In their first comments for the new austerity plan announced by President Omar Al Bashir, Sudanese officials pointed to the separation of South Sudan in July 2011 as a major reason behind the deficit budget, necessitating austerity measures.
Many would say that the loss of two thirds of the oil production for the benefit of the state of South Sudan is a compelling reason, but that’s exactly what highlights a dynamic relationship between two major elements which have strongly affected the modern history of Sudan from the 1950s until now — “economy” and “the south”.
The conflict with the south started in 1955, a few months before independence in 1956. And the fundamental question raised in this long volatile relationship between north and south was mainly related to two vital issues: The identity of the nation and the state and indirectly, the economy.
So, while the political elite in the north had chosen to face the identity challenge by going to war, the Bill of War against the south became a major element which has affected Sudan’s economy for decades under all the successive regimes. The moderate estimation of the cost of war in three decades was around $1.5 to $3 million (Dh5.5 to Dh11 million) per day, which is $547.5 million to $1 billion per year.
It is necessary to remember here that the challenge in the early decades of the conflict was not to determine whether the north or south should rule Sudan, but to determine whether Sudan would be a civil or religious state. Nevertheless, with the rising cost of the war, Sudan never had the opportunity to set up a real economic growth plan for decades.
For a long time, all those Sudanese who worked hard to solve this conflict by peaceful means on the basis of equality, were stressing on one major fact — “solving the problem of the south is the key to stability in all Sudan”.
History showed many times that when the war escalates in the south, people in the north burden the increasing economic cost, adding to an explosive mixture of motives to the needed spark for revolt. In 1964, and in spite of some economic achievements, the war in South Sudan pushed General Aboud out of the presidency after an uprising sparked by the killing of a university student.
Later on, when Jaffar Nemairi signed in Addis Ababa an agreement with the southern rebels in 1972, Sudan gained stability, but not for long. When Nemairi formed an alliance with Hassan Al Turabi and declared the Sharia laws in September 1983, rebellion broke out again in South Sudan that year and within two years his regime was toppled by a popular uprising in April 1985. Once again, the spark was a protest by university students against rising prices of sugar and other commodities. Nemairi was overthrown within a week.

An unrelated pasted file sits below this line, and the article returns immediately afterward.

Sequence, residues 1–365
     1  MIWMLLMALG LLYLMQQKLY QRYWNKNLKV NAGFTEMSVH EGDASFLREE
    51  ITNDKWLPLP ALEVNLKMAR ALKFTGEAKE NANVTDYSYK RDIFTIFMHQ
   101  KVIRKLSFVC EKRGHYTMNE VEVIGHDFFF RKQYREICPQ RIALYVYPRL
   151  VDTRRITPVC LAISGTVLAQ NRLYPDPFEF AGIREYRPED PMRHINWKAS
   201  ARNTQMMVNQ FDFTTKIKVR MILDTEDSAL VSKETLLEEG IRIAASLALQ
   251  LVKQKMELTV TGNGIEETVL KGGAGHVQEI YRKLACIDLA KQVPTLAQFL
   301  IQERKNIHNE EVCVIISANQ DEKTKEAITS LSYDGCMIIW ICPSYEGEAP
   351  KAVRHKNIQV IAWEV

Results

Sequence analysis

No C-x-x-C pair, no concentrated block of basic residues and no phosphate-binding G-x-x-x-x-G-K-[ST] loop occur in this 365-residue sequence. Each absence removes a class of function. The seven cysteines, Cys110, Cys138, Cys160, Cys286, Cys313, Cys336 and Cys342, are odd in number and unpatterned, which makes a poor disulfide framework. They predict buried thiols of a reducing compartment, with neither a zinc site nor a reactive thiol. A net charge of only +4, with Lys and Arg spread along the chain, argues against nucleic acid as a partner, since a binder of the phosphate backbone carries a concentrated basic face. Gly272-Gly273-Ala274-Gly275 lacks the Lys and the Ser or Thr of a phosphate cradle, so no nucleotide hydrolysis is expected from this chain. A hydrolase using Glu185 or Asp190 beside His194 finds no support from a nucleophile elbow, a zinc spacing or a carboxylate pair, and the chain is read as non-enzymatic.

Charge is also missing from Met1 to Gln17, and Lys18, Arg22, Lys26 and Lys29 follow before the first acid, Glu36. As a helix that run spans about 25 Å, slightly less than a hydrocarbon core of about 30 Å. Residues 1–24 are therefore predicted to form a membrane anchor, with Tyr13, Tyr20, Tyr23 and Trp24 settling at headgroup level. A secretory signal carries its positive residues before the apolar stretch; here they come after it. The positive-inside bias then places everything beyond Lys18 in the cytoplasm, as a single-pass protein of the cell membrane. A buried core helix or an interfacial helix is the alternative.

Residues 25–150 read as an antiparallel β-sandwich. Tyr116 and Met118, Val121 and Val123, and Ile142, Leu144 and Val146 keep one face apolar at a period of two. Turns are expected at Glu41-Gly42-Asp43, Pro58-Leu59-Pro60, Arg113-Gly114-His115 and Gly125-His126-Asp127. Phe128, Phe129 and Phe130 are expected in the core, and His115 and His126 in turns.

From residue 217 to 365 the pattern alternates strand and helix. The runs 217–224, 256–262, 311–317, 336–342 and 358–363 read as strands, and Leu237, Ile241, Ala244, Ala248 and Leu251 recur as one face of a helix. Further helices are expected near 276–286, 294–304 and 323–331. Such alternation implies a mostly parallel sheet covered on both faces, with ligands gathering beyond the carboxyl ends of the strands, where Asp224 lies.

The long-lasting conflict between North and South Sudan was all about equality. Historically, the people of South Sudan were influenced by two major trends in the long conflict — unionists and those who preferred separation. But one of the major facts in the history of Sudan proved that people of South Sudan would be in favour of a union under democratic regimes in Khartoum, while the calls for separation always mounted whenever a dictatorship went to war against the south or escalated its brutal repression against the opposition in the north. That is why when an elected government rules in Khartoum, one of its main goals is to solve the conflict with the south on an equality basis and by peaceful means.
In 1989, a significant progress in solving the southern question was about to be achieved. The elected cabinet of Al Sadiq Al Mahdi was about to sign a peace agreement with the SPLA, headed by the late Dr John Garang, and issued a new election code. Both the agreement and the new election code responded to long calls and demands of Sudanese opposition for real equality by moving towards real civil state. In that crucial time, Omar Al Bashir and his godfather Hassan Al Turabi launched their military coup on June 30, 1989.
Now, let us wonder: What if this long conflict was solved on an equality base within a democratic civil state? This is not wishful thinking as the opportunity was always there. Furthermore, it was proven that the people of South Sudan were in favour of union once they felt they were treated as first class citizens with all the rights of citizenship.
It is a tale which shows us repeatedly that equality within a civil democratic state is the key to a stable and prosperous Sudan — a fact which dictators never understood.
Mohammad Fadhel is a Bahraini writer and media consultant based in Dubai